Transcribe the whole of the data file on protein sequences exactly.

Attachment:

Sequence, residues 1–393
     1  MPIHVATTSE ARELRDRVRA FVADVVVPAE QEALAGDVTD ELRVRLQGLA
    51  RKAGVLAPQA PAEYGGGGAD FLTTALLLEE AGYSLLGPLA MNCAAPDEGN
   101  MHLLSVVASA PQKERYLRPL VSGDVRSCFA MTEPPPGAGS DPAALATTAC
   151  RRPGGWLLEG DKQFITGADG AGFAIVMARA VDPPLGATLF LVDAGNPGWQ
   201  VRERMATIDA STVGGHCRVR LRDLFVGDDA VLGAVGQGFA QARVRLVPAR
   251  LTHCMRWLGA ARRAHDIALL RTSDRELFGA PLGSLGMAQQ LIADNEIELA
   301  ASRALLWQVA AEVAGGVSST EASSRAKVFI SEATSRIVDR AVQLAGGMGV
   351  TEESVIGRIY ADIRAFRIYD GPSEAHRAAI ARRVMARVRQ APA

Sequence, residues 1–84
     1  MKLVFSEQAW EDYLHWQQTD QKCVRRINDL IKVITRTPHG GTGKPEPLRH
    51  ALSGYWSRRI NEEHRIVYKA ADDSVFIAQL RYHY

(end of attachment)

Sequence, residues 1–393
     1  MPIHVATTSE ARELRDRVRA FVADVVVPAE QEALAGDVTD ELRVRLQGLA
    51  RKAGVLAPQA PAEYGGGGAD FLTTALLLEE AGYSLLGPLA MNCAAPDEGN
   101  MHLLSVVASA PQKERYLRPL VSGDVRSCFA MTEPPPGAGS DPAALATTAC
   151  RRPGGWLLEG DKQFITGADG AGFAIVMARA VDPPLGATLF LVDAGNPGWQ
   201  VRERMATIDA STVGGHCRVR LRDLFVGDDA VLGAVGQGFA QARVRLVPAR
   251  LTHCMRWLGA ARRAHDIALL RTSDRELFGA PLGSLGMAQQ LIADNEIELA
   301  ASRALLWQVA AEVAGGVSST EASSRAKVFI SEATSRIVDR AVQLAGGMGV
   351  TEESVIGRIY ADIRAFRIYD GPSEAHRAAI ARRVMARVRQ APA

Sequence, residues 1–84
     1  MKLVFSEQAW EDYLHWQQTD QKCVRRINDL IKVITRTPHG GTGKPEPLRH
    51  ALSGYWSRRI NEEHRIVYKA ADDSVFIAQL RYHY